Birding Report: Nov. 5

Osprey on a small tree in Estero SoldadoHello, my name is Mary Tannehill and I am going to be your San Carlos birding hostess for the next few months. I currently lead the San Carlos Birding Group since our esteemed leader, Dave Verner, has, to all our sorrow, moved from the area. I am not an expert birder but am passionate about birds. I will be writing this column to open to you the wondrous possibilities that exist in our little area for observing birds. I will try in each article to cover a place or type of place for local birding, a bird recently seen (not necessarily rare – it is always good to reencounter our old friends), and, sometimes, talk about a tool for birding.

Birding does not require much but to enjoy it the most, you will need binoculars and a bird book (or app). All birders have their favorite books and more and more have apps on their smart phones. You do NOT need a Birds of Mexico book for around here. A good Birds of North America will cover 98% of the birds you see. That is great news because these books are not inexpensive but you can use yours here and wherever else you live if you are a snowbird.

If you are down here and don´t have a bird book but have a smart phone, you will be in business within minutes of hitting your app store and doing a search on bird apps. A Google search will find you many articles recommending good binoculars and Amazon has numerous reviews of its equally numerous bird books. I won’t add to that because I have nothing to add that would be better than those sources. I will just say that you do not need to spend a fortune on binoculars to enhance your birding experience. Al, my partner, and I bought Swift Audubons 8.5x, 44 for about $300 USD each and have been very, very happy with them. Come to our birding group and ask questions. Everyone will be happy to share their own experiences with birds, books, and binoculars. Newcomers are welcome.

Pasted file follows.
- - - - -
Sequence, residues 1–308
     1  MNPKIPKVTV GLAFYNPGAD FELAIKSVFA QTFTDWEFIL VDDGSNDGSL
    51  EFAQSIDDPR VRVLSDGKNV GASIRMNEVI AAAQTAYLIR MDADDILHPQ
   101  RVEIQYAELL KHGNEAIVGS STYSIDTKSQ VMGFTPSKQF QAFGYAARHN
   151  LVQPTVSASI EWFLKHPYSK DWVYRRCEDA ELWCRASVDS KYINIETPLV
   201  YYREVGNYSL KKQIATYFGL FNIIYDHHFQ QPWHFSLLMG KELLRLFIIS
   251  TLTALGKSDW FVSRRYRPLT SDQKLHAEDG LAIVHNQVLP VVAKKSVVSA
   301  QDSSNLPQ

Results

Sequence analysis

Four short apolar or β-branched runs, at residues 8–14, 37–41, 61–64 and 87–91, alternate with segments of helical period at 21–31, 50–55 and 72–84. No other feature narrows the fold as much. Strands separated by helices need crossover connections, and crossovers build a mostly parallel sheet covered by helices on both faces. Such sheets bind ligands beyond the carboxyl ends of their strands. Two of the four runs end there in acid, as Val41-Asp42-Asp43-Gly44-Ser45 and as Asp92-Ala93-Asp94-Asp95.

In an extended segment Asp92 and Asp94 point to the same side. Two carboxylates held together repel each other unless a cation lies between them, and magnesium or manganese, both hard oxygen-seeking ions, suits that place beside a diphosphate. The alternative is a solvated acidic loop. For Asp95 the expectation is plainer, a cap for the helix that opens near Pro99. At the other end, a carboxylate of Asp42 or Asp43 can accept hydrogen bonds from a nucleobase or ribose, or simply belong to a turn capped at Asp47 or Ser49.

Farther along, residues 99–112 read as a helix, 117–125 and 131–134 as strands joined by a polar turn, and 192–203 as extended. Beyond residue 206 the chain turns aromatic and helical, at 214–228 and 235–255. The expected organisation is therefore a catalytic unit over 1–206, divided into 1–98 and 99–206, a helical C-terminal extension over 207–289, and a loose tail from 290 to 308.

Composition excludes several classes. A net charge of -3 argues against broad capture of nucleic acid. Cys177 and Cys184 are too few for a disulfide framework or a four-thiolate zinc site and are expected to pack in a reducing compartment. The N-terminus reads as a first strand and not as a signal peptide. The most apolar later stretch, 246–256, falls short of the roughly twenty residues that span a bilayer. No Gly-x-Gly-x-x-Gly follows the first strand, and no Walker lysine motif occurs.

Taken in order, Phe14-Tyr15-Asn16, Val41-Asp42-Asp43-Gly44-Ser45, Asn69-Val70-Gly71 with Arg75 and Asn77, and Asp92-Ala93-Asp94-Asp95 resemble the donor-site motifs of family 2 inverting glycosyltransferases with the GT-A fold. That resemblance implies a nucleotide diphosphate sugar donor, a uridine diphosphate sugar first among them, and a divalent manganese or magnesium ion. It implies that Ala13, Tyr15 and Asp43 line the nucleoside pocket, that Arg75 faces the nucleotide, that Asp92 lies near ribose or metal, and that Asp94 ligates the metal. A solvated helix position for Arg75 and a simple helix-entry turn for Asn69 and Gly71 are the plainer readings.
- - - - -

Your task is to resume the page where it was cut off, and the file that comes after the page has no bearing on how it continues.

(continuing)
ibird_proBird Apps do not replace books but they are incredibly handy. I own I-Bird Pro, Sibley´s Guide to Birds of North America, Audubon Birds Pro (which I rarely use) and I just recently added The Cornell Lab Merlin ID Help app. I probably use I-Bird Pro the most (it has great photos) but it has down sides if you try and use it exclusively. I’ll talk about that more in the future but don’t worry about it, just get something to help you. I-Bird Pro is much cheaper than Sibley’s and Merlin is free but is better as an additional source rather than your primary.

This Week’s Bird of the Week: Osprey.
Ospreys are common here but always magnificent. I took the photo pictured above at the estuary in San Carlos. They are a raptor (like eagles and hawks) and feed on fish. You will often see them perched on almost anything high with a good view of the water. We have two that like the unfinished building next to the Conquistadors condos. A few years ago there was an Osprey nesting in a crane visible from the Villa Hermosa area. The crane was not being used due to an unfinished construction project. Human’s loss but Osprey’s gain. Unfortunately for the Osprey and we birders, the crane was removed finally.

This Week’s Place: Champs Pond
One of the things that makes San Carlos so wonderful for birding is that we have desert birds, salt water birds and lots of migratory birds that stop in and use our estuary “bird motels” on their way south in the fall and north in the spring. So places don’t move but they can seem new as different birds check in. This week’s place is a little spot of water between Champs on the east and Triana condos on the west. It is overflow from recent rains and birds love to take advantage of water holes in the desert. I have seen Lark Sparrows, a Short-billed Dowitcher, Killdeer, and Semipalmated Plovers. Today we saw Vermilion Flycatchers and Least Sandpipers. You can also meander to the Sea (Sea of Cortez or Gulf of California) and see Oystercatchers, Brown Pelicans, an occasional Blue-footed Booby, Heermann’s Gulls and, recently, Elegant Terns feasting on the tiny fish near shore. And, of course, there is always a chance of a Dolphin sighting. Spectacular even if they aren’t birds. This easy to find little birding spot won’t last forever. It drys up but, for now, it is a bird oasis. Parking is available right next to it.

You are welcome to join our San Carlos birding group on Thursdays at 7:30am at the Esterito Cafeat the end of the Bahía San Carlos. We have been given permission to watch birds from the restaurant (not open) for a few minutes prior to departing for our weekly location. All are welcome. I am sorry but we do not have extra binoculars.

I hope that you come to enjoy birding in San Carlos or a taste of it through my articles. Please feel free to e-mail me with comments or questions at [email protected]

Happy Birding!

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